Happy World Baking Day everyone!
I hope you’ve all donned your pinnies, rolled up your sleeves and are beating sifting folding and whisking to your hearts’ content in the midst of great billowing clouds of flour and ecstasy. Baking is what Sundays are for and today I baked some soda bread.
Soda bread feels like cheating because there’s no waiting around for the whole proofing malarkey and there’s no kneading either. You just bung everything in a bowl, mix it about a bit and you’ve got yourself some oven-ready dough! So it’s just the ticket when you crave some freshly-baked goodness for lunch but not so much so that you’re willing to sacrifice that sacred weekend lie-in. So me every weekend, basically.
I’ve added a couple of twists to the traditional today: the addition of buckwheat flour lends its distinctive toasted, nutty flavour (and halve’s the loaf’s gluten content too) and the rosemary’s heady pine notes add to the irresistible earthiness of this close-textured loaf.
Perfect eaten warm with lashings of butter, or torn into hunks and dunked into soups, stoups and stews. I suppose it’s a bit autumnal *oops* so perfect for those of you living in the Southern hemisphere at the moment!
Oh and one last thing: you can now also follow pip & little blue on Bloglovin’ if that’s the way you like to roll. Just click on this link and you’ll be whisked off to the Bloglovin’ page: Follow my blog with Bloglovin
Rosemary & buckwheat soda bread
Makes one loaf
– 25g unsalted butter, melted
– 250g buckwheat flour, sifted
– 250g white plain flour, sifted (plus extra for dusting)
– 1 teaspoon bicarbonate of soda, sifted
– 1 scant teaspoon salt
– 1/4 teaspoon black pepper
– 1 tablespoon chopped fresh rosemary
– 1 tablespoon runny honey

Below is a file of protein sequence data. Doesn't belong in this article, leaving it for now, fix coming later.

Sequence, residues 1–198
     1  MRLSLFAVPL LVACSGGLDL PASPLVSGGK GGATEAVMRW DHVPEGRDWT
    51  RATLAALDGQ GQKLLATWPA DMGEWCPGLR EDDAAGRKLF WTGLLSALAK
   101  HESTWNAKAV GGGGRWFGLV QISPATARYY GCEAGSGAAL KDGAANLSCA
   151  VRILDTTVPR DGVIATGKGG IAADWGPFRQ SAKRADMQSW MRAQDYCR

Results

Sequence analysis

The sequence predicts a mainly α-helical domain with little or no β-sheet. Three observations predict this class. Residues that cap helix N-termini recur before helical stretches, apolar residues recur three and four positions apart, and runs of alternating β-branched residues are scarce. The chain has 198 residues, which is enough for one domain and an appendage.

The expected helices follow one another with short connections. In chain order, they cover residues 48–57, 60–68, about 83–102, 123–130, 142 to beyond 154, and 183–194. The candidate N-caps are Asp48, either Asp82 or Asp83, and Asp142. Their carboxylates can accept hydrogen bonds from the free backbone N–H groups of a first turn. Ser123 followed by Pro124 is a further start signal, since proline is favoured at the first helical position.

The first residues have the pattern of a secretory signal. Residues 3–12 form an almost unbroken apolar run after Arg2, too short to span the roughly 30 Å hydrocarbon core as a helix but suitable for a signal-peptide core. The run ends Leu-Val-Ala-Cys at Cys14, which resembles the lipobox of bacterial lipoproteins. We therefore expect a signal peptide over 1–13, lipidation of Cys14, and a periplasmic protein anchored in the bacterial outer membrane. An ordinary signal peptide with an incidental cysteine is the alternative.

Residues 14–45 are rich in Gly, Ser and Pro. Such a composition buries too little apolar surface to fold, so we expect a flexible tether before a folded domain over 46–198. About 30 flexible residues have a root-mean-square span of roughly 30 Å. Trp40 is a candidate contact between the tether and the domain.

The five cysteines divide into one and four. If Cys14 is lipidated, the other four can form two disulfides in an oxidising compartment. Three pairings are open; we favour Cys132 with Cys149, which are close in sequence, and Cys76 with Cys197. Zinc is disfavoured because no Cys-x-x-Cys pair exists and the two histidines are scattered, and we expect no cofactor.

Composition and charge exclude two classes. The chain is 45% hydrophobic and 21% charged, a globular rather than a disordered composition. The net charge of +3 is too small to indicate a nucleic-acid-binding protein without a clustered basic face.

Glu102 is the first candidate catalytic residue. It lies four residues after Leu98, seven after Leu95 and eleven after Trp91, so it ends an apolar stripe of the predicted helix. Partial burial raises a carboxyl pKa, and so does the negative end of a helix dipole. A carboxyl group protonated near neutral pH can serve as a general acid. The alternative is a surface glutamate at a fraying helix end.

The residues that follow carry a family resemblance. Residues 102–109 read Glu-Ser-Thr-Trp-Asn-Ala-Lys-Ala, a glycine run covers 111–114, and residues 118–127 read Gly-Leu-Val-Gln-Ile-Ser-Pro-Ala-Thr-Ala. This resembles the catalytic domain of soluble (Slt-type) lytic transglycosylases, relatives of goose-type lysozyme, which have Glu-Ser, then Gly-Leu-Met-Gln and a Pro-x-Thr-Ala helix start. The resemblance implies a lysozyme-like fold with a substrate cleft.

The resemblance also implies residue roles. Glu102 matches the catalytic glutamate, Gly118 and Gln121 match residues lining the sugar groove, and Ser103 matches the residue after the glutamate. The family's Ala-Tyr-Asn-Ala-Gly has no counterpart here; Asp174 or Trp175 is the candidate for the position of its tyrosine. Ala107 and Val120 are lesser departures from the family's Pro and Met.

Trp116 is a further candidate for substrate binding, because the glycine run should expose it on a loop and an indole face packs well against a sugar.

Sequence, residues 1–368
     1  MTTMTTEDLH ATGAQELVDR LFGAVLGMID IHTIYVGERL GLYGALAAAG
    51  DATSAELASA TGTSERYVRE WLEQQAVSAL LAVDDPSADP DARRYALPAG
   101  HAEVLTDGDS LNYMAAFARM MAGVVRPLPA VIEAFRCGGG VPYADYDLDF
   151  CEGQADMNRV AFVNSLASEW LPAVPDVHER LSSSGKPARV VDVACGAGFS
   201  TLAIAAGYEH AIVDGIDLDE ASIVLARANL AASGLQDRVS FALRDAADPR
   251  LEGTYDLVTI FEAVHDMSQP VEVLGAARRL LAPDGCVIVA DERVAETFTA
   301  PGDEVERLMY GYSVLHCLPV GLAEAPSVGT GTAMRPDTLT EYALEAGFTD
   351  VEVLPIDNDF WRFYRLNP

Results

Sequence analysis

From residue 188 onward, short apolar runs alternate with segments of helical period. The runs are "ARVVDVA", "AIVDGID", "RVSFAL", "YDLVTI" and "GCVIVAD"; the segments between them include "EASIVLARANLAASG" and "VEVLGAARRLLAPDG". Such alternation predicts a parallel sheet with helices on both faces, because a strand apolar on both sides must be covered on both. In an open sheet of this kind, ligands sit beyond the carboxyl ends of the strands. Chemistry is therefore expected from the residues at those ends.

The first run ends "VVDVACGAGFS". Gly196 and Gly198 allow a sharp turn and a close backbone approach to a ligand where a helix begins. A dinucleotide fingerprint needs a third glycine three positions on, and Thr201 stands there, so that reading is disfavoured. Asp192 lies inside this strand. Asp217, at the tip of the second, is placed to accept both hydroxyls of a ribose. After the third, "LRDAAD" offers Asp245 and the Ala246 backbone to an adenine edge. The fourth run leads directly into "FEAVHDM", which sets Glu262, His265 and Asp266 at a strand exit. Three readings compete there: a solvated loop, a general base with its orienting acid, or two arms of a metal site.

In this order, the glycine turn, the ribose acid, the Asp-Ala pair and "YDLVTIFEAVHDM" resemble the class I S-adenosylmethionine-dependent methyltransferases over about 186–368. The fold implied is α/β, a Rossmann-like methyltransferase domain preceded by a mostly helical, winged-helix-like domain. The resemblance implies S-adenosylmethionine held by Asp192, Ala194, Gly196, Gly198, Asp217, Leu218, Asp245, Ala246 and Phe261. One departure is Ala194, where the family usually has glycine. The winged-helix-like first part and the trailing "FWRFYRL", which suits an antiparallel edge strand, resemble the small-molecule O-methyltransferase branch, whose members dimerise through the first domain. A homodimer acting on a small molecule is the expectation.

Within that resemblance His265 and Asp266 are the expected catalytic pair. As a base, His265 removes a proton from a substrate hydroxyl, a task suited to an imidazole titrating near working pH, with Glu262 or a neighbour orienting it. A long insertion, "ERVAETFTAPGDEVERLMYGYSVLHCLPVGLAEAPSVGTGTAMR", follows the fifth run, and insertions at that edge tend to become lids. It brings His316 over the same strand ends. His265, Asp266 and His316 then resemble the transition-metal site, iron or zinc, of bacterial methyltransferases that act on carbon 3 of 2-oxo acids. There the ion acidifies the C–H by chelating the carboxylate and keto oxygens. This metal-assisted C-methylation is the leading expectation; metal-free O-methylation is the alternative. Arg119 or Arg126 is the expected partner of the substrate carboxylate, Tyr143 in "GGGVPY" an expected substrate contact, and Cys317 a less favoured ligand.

– 400ml buttermilk
Preheat your oven to 200°C and line a baking tray with baking paper.
In a large bowl, combine all the ingredients except the buttermilk. Stir in the buttermilk and keep mixing gently until a rough dough forms. Tip: It’s best to use your hands instead of a wooden spoon to avoid overworking the dough.
Transfer the dough to your lined baking tray and pat into a circular loaf. Dust with a little extra flour and score a deep ‘V’ into the top. Tip: Some people do this with a knife but I like to use the floured handle of a wooden spoon for a softer effect. Whichever way you choose, the ‘V’ will help the loaf to cook all the way through. I think the olde worlde reason was something about letting fairies out…
Bake for 45-50 minutes until risen and golden and the bottom sounds hollow when tapped. Cool on a wire rack. Tip: Drape a tea towel over the loaf as it cools to keep the crust from drying out.
Best eaten within the day (soda bread dries out very quickly) but it also freezes well.
Source: Recipe and photos by pip & little blue.
I am so making this! Btw the slits in bread are partially because, back in the day, people used communal ovens – marking bread with a specific shape let everybody know “back off, loser, this is my bread.” There might be culinary reasons for it, but that’s the historical one I know. Cannot wait to make this!!!
Great fact and thanks for sharing! Let me know how the baking goes ☺️
Your soda bread looks really delicious, I love the addition of rosemary.
I’ve recently been experimenting with buckwheat flour too and made some cookies.
Thanks so much. The rosemary really infuses the whole loaf as it bakes and can stand up to the buckwheat. Those cookies sound delish!